Some think I have a tendency to be “curt” or “too direct” in my communication.
Of that group, there are those who appreciate it, and there are those who urge me to “soften what I say.” I believe I am diplomatic, and I know I am most certainly aware of the feelings of the person to whom I’m speaking; foremost in my thoughts being, “How would I want someone to say this to me?”
But — especially in matters of high import — the way in which we construct what we say is essential. Tying oneself into a verbal and linguistic Gordian knot to avoid taking responsibility for what is truly meant so dilutes the message that the recipient is unsure what was being said from the get go. (Example: Have you ever listened to a politician answer a direct question? It can be painful.) This type of tête-à-tête serves no one, exacerbating the issue. Direct interaction — delivered in a thoughtful, sensitive fashion — is not rude; it shows respect to the recipient, while causing the deliverer to be more precise in which words he or she chooses, lowering the possibility of conflict.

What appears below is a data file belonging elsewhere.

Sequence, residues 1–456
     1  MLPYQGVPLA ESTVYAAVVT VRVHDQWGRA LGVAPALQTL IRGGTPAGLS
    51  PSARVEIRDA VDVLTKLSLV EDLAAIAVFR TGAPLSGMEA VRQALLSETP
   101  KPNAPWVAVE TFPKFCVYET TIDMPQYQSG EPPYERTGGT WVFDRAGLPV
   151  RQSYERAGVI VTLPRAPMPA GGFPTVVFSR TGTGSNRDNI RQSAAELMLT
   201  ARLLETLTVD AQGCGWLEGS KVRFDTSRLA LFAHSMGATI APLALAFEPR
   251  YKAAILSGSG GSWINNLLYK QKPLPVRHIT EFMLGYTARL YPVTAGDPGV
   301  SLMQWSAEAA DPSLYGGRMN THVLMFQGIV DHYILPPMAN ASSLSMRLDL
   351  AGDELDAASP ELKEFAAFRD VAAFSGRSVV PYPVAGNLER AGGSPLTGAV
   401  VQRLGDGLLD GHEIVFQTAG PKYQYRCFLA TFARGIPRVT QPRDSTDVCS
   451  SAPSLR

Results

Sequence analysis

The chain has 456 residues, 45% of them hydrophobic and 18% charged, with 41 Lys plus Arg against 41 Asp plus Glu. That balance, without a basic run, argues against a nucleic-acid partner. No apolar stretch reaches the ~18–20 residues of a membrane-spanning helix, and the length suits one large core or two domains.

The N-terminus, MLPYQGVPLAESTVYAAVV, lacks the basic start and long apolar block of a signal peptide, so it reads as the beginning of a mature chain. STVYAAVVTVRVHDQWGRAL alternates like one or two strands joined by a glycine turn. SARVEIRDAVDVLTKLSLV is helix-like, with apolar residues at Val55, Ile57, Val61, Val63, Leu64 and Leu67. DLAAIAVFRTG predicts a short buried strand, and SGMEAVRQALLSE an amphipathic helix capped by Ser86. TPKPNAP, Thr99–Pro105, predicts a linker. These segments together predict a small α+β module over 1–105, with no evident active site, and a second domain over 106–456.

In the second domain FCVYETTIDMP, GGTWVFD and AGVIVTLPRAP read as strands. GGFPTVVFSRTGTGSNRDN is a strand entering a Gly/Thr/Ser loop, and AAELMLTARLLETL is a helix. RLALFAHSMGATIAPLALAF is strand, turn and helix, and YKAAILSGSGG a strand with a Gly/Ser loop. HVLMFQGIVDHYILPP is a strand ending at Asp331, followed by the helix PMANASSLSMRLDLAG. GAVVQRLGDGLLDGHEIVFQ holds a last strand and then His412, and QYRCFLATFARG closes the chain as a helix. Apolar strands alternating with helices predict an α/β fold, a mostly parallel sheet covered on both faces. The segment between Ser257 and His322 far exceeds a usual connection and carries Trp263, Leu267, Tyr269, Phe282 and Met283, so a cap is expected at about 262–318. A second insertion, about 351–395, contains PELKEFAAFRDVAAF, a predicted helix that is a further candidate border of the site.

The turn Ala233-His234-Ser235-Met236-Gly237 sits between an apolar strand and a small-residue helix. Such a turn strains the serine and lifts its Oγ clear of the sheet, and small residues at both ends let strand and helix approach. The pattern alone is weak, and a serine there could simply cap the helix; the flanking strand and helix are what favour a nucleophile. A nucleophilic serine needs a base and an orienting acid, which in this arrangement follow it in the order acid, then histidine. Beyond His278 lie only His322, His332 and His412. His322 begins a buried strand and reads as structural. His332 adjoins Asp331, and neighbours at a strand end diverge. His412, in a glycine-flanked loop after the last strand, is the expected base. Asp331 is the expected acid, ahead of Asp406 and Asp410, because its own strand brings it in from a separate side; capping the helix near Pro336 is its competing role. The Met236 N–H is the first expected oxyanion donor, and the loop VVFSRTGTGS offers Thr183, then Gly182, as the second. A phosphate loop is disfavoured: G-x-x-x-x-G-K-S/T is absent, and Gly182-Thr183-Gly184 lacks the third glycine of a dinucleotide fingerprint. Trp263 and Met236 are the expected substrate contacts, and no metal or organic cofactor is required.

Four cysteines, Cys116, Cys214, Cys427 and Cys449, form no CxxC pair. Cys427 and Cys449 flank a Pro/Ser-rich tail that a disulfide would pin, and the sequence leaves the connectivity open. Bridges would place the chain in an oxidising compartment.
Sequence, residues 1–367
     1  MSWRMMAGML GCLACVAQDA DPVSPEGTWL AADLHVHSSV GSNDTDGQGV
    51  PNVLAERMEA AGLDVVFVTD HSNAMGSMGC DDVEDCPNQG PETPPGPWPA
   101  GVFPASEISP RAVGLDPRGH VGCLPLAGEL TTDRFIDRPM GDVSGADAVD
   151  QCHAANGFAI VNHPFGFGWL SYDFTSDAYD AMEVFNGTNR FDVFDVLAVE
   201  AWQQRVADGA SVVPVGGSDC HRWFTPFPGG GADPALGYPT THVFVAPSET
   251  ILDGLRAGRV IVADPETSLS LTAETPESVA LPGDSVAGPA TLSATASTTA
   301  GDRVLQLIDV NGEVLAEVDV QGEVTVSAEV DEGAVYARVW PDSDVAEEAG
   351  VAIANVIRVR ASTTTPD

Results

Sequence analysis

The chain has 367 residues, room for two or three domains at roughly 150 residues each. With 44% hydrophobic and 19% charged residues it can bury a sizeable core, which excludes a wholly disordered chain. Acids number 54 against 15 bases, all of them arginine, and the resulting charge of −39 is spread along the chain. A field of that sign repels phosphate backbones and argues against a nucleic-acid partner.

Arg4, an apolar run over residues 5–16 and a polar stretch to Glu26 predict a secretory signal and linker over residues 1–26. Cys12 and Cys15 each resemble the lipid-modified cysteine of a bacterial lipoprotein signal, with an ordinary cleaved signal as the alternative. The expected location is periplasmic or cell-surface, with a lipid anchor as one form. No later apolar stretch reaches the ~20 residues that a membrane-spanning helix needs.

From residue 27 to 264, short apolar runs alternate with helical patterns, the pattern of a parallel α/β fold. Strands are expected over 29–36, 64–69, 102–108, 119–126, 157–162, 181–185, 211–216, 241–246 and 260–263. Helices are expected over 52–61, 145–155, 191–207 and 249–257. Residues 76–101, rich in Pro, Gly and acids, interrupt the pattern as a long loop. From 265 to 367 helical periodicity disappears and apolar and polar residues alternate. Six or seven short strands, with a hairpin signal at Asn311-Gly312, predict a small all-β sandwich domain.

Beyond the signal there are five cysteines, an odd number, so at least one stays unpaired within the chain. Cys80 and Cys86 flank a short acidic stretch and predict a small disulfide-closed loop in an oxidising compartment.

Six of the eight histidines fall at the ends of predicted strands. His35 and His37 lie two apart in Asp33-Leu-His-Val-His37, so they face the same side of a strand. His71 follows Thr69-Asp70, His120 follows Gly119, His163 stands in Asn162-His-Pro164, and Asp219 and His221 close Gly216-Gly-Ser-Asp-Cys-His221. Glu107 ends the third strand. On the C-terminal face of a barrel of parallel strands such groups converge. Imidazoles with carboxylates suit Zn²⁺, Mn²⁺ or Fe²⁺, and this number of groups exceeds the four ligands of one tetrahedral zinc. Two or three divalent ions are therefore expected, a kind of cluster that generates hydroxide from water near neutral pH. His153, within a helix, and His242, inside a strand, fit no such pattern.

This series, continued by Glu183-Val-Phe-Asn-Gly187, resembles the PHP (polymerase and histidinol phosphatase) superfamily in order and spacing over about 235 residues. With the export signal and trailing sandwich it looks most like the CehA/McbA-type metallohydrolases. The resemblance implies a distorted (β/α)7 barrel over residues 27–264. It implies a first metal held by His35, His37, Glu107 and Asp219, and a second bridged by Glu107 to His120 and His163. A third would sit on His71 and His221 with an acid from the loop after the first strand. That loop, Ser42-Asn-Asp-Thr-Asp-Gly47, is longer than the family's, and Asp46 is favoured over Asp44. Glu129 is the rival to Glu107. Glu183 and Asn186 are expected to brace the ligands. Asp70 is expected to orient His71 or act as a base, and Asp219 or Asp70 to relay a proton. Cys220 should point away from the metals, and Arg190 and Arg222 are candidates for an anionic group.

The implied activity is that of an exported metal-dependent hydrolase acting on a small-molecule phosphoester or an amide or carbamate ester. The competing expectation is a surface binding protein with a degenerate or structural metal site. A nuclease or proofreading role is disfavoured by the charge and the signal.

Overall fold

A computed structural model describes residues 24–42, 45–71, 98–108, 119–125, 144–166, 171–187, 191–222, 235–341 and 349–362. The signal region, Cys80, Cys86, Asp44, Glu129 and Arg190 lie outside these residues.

With that as my bias, let me hoist my High Crankiness upon my soapbox yet again.
If you ever have to tell someone something you think they need to do differently, or something you don’t like about what they do, raise your hand prior to opening your mouth and take with me this pledge:
“I refuse to say anything like ‘Everyone thinks you need to do this,’ or ‘All your co-workers are concerned,’ or ‘Some people say…’”
Hiding behind “everyone else” or “what others say” is — frankly — just plain cowardly. [Read more…]